Now, Nebbish and I have a long history, of which he is entirely unaware. Almost 15 years ago, my friend Eve was recovering from a failed romance with a coworker. On the rebound, her self-esteem shot, she fell into a long-distance correspondence with an older guy, a grad student she'd met at Hillel while attending college on the East Coast. They spoke on the phone for hours, wrote each other 20-page missives detailing their devotion. Within a month they were making plans for him to move cross-country. Like most 19-year-olds, she was impervious to suggestions that she slow down a little, maybe spend some day-to-day time with the dude. She flew to Boston, helped him pack up his apartment, and several weeks later showed up in Berkeley with a paunchy, balding, middle-aged man who looked not unlike George Costanza. This was how I first met Nebbish.
We took an almost instant dislike to one another. After a brief conversation, he pronounced me a "bleached blonde bimbo" (my response to that was "hey - my hair's not bleached!") and I, for my part, had no clue what my bright, smart, talented friend was doing with this dull nerd who always managed to bring conversations to a thudding stop with his awkward, unfunny jokes. Eve came to the same conclusion shortly thereafter - in fact, she later confided to me that the knew it wasn't going to work the moment she arrived at the airport and saw him standing there, a big cheesy grin on his face and a bright red carnation pinned to his lapel.
After they broke up, I never saw or even thought about him again . . . that is until he showed up with his kids at Tot Shabbat services a year ago. He must have gotten married and moved to the suburbs in the interim. Between his thick Boston accent and his distinctive name, I figured out it was him right away, though I somehow managed to keep my composure and not reveal that I was his nemesis from years ago. In fact, to this day he has no idea that we have ever met before.
Because we run into each other so often at shul, he now sees me as an old pal. This means that, without fail, each time I see him I get stuck in some tedious conversation about the merits of various automotive engines or computer operating systems, or I have to listen and nod politely while he advises me on how to further my career by networking with this or that person or joining some sort of professional organization or other. Never mind that I have worked steadily and successfully in my industry for the past seven years while he has been unemployed the past two. So I wasn't too thrilled to see him show up that morning when I was already gritting my teeth through Windbag's endless blatherings.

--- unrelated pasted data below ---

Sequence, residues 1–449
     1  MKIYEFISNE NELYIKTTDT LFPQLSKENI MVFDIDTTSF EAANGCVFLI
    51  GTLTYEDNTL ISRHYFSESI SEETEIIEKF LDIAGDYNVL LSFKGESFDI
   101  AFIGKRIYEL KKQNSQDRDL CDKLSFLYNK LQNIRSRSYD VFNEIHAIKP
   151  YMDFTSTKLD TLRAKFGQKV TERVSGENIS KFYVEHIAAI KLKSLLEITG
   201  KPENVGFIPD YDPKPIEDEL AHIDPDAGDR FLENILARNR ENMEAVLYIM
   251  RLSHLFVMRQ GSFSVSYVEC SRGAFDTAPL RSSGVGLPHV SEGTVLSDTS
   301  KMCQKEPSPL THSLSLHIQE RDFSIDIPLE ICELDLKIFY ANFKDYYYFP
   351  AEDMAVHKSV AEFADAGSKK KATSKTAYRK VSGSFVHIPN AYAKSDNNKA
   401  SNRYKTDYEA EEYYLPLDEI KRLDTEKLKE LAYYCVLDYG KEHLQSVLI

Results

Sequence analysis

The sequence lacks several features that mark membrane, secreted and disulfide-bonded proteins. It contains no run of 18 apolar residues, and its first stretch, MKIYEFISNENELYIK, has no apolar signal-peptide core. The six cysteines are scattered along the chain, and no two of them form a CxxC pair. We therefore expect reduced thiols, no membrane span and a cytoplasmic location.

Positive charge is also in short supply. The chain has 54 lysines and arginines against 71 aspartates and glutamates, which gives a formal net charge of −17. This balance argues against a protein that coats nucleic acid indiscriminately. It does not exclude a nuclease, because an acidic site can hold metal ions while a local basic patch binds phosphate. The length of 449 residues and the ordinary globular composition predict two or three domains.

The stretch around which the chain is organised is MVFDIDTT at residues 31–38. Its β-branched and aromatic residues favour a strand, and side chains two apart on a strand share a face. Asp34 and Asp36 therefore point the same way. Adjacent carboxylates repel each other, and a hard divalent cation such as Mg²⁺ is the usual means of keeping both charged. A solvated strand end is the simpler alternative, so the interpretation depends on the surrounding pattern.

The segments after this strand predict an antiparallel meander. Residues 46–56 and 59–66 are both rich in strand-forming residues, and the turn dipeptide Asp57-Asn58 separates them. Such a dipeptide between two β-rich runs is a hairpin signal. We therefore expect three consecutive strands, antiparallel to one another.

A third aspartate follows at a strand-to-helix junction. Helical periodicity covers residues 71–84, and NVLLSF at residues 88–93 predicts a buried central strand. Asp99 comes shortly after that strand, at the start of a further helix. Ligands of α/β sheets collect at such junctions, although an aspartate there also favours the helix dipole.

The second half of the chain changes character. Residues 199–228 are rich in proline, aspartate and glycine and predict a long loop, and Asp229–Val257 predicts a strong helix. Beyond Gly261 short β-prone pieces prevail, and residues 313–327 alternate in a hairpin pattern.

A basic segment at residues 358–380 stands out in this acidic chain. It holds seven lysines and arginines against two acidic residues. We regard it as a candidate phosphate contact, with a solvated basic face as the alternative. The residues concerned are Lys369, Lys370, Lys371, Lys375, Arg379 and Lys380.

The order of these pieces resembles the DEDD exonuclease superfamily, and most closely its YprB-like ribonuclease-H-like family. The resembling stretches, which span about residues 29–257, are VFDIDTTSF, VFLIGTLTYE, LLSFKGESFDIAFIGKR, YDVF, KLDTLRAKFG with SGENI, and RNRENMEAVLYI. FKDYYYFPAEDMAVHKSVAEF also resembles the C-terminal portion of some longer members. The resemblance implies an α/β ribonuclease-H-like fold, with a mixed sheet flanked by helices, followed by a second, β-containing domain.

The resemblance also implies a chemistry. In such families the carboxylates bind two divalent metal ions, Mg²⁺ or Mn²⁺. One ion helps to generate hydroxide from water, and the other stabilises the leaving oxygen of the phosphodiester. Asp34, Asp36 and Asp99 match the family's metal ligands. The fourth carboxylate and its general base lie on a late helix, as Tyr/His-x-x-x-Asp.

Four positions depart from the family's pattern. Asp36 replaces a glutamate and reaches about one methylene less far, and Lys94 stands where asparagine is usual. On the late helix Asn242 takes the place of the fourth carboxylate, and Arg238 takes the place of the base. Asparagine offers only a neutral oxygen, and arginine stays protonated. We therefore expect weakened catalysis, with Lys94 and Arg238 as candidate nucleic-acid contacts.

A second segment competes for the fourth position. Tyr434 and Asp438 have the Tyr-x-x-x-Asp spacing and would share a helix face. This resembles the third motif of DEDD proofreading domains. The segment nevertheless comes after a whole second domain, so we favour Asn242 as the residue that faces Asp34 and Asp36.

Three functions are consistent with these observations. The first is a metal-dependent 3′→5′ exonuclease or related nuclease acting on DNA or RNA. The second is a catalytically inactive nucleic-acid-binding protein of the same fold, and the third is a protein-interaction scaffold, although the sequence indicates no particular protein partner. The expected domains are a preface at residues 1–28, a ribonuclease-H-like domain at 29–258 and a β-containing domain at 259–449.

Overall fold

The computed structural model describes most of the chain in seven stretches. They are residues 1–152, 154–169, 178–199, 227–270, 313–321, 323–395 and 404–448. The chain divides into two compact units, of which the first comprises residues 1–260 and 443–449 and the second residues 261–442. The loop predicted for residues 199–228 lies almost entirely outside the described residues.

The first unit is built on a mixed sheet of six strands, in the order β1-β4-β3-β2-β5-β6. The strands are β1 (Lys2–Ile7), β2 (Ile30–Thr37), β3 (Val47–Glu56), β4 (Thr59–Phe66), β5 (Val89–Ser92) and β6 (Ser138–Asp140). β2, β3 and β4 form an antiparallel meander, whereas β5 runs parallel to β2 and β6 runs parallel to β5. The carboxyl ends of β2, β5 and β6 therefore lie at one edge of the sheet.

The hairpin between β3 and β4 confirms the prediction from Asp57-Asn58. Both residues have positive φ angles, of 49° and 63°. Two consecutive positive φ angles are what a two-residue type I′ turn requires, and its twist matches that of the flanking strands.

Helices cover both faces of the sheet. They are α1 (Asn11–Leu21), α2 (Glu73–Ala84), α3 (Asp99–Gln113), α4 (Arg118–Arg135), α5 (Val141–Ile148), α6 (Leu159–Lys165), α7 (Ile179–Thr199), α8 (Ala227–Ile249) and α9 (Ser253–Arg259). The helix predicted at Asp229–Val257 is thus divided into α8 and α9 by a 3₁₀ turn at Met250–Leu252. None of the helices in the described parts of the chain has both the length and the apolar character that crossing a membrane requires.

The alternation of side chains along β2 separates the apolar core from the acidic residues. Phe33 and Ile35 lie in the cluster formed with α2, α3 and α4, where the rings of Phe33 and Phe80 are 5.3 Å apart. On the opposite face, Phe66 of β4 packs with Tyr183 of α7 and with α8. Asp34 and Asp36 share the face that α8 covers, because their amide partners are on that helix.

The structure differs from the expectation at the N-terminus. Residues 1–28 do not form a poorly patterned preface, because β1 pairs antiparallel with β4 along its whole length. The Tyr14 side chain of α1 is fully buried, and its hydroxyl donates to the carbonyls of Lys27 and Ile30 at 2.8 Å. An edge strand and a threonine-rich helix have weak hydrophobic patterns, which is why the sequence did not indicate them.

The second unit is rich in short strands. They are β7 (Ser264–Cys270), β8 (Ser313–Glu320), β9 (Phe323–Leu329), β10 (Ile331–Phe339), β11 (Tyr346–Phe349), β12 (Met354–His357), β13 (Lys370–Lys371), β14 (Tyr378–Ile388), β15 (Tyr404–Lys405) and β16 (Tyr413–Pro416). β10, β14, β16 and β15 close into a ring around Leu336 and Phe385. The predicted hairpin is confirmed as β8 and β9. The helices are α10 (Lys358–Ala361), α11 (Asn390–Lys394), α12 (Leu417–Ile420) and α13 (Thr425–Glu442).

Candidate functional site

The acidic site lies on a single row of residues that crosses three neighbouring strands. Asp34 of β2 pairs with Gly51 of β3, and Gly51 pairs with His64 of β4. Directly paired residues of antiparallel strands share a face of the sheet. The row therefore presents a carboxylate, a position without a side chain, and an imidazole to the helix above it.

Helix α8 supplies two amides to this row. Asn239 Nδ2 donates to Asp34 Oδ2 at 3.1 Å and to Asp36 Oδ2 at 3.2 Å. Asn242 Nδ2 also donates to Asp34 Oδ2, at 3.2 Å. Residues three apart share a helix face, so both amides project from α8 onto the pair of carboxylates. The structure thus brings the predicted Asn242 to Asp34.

Then suddenly, I was struck with the type of brilliant inspiration that comes only when you are truly desperate.
"Hey Nebbish, over here!" I called across the room. "I want you to meet my friend Windbag. He was just telling me about his new camera."
"Not the Blahblahblah XSJDKE 740, I hope! That one has some major flaws, the shutter speed is off and - - -"
"No way! The 740 is much better than the old model, the Blahblahblah XKDSI 656, the enhanced lighting options alone are a reason to upgrade!"
And so they were off. For the next hour, I sipped apple juice and caught up with my old friend Sweet Sue while the kids made Play-Doh sculptures and the two most annoying men I know happily talked at each other until the morning drew to a close.